March 15, 1997 |
Emrys P. Lewis, 70, of St. Davids, a retired AT&T executive and director of marketing for Henkels & McCoy, a utilities contractor, died Monday at Bryn Mawr Hospital. Mr. Lewis began his career with Bell of Pennsylvania as a management trainee in 1949. He rose quickly to vice president of public relations in Philadelphia and then to vice president of operations staff in New York, where he oversaw the restructuring of the company leading to the break-up of the Bell System in 1983.
March 13, 2009 |
Barbara Feick Daniel, 63, of Wilmington, a Delaware County college teacher and administrator, died of breast cancer March 4 at the home of a family friend in Swarthmore. Since 1999, Mrs. Daniel had been the assistant director of academic affairs at the Brandywine campus of Pennsylvania State University in Middletown. Born in Philadelphia, Mrs. Daniel was a 1963 graduate of Abington Senior High School and earned a bachelor's degree in English from Immaculata College in 1967.
February 1, 2015 |
William W. McDowell Jr., 85, an architect from Chestnut Hill, died Monday, Jan. 19, of complications from dementia at Springfield Residence in Wyndmoor, where he had lived for seven years. Mr. McDowell was born in Chestnut Hill and attended Chestnut Hill Academy until ninth grade, when the school closed during World War II. He transferred and graduated from St. Andrews School in Middletown, Del. He was a member of the Class of 1951 at Princeton University, where he played rugby. Mr. McDowell went on to study architecture at the University of Pennsylvania, graduating in 1954 with high honors.
March 30, 1995 |
John Vairo knew he was in for a challenge when he left State College, Pa., for Chester to lay the groundwork for the Pennsylvania State University Delaware County campus. The temporary facilities were certainly not ideal: a former fish market at Sixth and Penn Streets, with a roller-skating rink on the second floor and trains rumbling by outside. The expected enrollment was 36 students, with seven faculty members. But when the doors opened in 1967, there were 230 students.
March 7, 1988 |
A funny thing happened to Kim Steel at last year's YMCA National Swimming Championships in Orlando, Fla. She began to take swimming seriously. That is not to say that Steel, who finished eighth in the 500 freestyle and ninth in the 1,650 freestyle at nationals, was not serious about her sport before. But, she said, the national experience transformed her. "It built my confidence a lot," Steel said. "I'm more mentally tough now. Last year, I had problems keeping my head on straight.
July 15, 1999 |
Jane E. Cooper, 62, a much-honored associate professor of biology at the Delaware County campus of Pennsylvania State University, died Friday at Brinton Manor Nursing Home in Glen Mills. She had cancer, which was diagnosed in the early 1970s. Dr. Cooper was one of the first seven faculty members hired at Penn State-Delaware County when it opened in Chester in 1967. The school later moved to Lima, and she taught there until she became too ill last year. She continued other campus-related activities until March.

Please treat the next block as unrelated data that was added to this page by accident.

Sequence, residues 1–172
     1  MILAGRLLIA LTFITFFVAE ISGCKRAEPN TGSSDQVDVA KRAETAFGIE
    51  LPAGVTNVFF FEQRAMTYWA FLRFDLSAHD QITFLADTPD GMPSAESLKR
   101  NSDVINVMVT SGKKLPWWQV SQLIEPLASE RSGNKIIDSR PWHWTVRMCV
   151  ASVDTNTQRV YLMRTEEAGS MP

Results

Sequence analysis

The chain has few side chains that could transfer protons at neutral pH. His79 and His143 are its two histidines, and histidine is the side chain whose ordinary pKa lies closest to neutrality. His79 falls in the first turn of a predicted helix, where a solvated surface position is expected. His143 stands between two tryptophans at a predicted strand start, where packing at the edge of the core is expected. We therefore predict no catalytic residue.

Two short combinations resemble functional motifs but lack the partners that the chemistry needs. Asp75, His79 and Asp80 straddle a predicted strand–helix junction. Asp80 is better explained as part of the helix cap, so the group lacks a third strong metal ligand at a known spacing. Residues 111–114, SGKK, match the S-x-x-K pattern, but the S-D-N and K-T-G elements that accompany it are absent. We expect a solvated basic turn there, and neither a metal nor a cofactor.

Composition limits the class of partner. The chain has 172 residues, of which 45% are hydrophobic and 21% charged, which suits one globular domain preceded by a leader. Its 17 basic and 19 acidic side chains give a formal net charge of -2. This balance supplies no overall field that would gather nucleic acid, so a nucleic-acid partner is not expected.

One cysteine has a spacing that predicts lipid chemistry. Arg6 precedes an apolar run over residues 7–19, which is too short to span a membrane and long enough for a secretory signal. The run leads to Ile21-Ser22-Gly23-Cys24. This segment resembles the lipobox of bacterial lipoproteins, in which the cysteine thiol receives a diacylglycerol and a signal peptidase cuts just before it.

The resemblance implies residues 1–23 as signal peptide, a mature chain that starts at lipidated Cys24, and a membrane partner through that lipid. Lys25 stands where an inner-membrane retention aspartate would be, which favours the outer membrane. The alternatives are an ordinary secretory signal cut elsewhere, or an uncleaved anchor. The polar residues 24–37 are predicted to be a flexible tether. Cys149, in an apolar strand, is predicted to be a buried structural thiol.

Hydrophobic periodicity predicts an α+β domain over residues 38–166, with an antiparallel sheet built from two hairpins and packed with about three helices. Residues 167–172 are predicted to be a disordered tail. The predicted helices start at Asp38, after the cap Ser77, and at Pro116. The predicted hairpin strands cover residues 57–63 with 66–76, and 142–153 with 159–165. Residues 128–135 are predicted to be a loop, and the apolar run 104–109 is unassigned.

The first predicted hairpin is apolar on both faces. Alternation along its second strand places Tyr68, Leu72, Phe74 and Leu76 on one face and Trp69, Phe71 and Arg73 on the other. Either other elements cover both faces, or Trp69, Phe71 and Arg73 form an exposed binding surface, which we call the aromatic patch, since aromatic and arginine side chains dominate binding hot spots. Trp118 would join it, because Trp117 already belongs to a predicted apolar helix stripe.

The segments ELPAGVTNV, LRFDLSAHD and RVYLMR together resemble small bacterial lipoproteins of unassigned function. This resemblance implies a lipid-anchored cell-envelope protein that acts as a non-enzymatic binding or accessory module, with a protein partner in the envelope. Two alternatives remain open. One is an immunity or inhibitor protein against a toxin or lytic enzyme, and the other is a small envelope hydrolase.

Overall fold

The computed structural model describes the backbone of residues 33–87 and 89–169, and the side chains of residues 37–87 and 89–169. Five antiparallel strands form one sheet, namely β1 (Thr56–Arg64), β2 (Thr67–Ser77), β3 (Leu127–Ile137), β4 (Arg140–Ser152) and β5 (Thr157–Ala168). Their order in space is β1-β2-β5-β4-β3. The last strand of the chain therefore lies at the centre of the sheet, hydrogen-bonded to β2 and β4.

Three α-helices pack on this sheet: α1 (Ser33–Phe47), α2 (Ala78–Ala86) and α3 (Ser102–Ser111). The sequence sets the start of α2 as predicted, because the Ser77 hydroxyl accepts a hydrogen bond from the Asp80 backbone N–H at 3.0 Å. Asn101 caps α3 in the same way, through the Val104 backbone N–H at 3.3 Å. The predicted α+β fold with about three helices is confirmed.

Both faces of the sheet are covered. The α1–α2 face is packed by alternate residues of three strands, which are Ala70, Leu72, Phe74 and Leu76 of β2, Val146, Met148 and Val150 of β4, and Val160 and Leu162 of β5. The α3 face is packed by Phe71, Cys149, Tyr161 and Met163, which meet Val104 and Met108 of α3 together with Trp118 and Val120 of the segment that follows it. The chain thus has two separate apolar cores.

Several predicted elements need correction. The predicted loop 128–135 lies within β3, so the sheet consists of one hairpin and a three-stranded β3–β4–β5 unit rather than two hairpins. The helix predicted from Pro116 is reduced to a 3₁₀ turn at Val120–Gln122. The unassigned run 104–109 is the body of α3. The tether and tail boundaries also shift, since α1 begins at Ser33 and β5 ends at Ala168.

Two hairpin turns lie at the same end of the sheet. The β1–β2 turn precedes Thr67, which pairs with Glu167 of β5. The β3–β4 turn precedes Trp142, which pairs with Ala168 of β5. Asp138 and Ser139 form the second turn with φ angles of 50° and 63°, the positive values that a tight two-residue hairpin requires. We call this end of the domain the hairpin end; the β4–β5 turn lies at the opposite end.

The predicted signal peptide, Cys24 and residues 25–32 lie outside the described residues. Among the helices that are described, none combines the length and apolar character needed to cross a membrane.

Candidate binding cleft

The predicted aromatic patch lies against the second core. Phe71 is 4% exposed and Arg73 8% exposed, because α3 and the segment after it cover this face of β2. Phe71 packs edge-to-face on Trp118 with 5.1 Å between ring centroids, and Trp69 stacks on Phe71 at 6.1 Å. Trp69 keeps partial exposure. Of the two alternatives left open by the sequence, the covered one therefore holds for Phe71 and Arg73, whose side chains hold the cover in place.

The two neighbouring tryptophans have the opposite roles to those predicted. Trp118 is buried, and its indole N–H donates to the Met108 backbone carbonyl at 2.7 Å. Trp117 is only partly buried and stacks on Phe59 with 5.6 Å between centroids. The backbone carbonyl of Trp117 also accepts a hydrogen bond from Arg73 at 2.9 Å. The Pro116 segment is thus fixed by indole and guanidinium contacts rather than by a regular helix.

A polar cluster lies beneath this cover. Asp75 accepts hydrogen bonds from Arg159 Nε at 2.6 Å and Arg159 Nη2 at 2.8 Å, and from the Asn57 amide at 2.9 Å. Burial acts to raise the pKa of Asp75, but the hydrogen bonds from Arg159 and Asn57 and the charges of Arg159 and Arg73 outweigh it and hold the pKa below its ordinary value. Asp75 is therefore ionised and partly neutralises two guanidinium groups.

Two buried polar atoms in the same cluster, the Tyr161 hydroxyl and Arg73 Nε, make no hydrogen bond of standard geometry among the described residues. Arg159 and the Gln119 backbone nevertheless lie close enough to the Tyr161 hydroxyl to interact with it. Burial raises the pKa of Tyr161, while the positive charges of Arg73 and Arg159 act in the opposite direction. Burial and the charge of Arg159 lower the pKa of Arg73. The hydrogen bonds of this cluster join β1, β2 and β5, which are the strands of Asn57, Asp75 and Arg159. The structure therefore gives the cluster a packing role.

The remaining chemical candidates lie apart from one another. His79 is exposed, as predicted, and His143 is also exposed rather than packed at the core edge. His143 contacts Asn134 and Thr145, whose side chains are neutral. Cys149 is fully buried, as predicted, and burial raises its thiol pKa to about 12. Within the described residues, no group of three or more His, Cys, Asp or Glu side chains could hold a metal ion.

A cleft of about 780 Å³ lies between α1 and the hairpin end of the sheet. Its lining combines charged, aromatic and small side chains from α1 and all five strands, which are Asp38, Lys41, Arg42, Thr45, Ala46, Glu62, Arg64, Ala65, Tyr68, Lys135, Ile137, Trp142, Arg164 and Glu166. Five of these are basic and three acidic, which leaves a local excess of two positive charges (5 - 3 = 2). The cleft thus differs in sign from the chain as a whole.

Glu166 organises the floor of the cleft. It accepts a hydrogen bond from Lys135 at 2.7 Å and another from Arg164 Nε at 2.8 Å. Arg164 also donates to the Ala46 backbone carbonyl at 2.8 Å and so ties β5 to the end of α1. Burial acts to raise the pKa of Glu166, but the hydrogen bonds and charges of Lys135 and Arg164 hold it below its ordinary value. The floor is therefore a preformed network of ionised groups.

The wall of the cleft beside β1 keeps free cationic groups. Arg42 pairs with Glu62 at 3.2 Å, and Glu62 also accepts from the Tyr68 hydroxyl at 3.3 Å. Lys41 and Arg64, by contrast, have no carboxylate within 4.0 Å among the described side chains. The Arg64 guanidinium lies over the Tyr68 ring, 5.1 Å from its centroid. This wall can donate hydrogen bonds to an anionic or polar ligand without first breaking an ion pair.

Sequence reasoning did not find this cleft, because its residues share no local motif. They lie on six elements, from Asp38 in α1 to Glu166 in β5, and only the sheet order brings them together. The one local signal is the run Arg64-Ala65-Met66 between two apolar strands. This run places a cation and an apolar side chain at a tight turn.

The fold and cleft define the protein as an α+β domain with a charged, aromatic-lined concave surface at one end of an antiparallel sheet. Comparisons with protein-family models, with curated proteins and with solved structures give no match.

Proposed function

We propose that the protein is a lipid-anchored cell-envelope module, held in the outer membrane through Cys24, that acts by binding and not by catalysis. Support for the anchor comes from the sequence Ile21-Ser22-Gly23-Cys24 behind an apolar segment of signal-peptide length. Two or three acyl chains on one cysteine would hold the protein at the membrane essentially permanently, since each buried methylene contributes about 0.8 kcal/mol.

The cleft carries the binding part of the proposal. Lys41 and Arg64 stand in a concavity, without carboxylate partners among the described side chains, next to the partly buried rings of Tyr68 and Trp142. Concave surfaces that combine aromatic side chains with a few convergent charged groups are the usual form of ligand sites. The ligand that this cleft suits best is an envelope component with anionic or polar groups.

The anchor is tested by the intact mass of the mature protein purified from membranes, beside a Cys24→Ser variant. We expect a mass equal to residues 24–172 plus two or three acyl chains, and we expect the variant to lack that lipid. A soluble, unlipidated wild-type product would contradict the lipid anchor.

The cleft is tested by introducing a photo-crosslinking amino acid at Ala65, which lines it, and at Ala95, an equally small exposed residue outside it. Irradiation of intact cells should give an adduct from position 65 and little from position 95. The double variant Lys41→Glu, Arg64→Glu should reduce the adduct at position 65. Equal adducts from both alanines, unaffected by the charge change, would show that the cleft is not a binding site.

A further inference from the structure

September 19, 2014 |
Jeanne R. Koller, 79, of Roxborough, the first African American teacher at Ardmore Avenue Elementary School in Lower Merion, who went on to a long teaching career in Philadelphia, died Sunday, Sept. 14, of pancreatic cancer at her home. Mrs. Koller started out at Ardmore Avenue, where the township's minority children once comprised 80 percent of students. When the building was razed in the 1960s, black children joined white students in Lower Merion elementary schools for the first time.
May 29, 2015 |
Albert Eugene Filano, 89, of West Chester, a decorated World War II veteran and later a mathematics professor at West Chester University, died Monday, May 18, of respiratory failure at Barclay Friends in West Chester. Born in Penfield, Pa., he was the son of Italian immigrants James E. and Rosy Ulizio Filano. He graduated in 1943 from Jay Township High School and went into the Army Air Corps, completing 33 combat missions against the Japanese mainland as a B-29 bombardier and radar navigator.
March 14, 2014 |
HOWARD ARNOLD might have trod the hallowed halls of the University of Pennsylvania as a teacher and administrator for 31 years, but his consciousness of the plight of suffering people was always at street level. He knew about the ravages of poverty, ignorance and violence, especially in the African-American community because his hands were always in it, trying to make it better. As a social worker, Howard Arnold was possessed of a natural gift for identifying with people on the short end of society, and a talent for helping them rise above their situations.
February 22, 2001 |
In early December 2000, I received a letter from a young man attending Pennsylvania State University. He wrote, "I wanted to make you aware of a student event held at the University Park Campus of Penn State on the evening of Nov. 18. Enclosed is an advertisement flyer showing the details of the event. I think it is a safe assumption that many taxpayers in your district, as well as throughout the Commonwealth, would find this event to be inappropriate. "The flyer announced a festival with a name more likely to be found in a XXX-rated magazine than The Philadelphia Inquirer.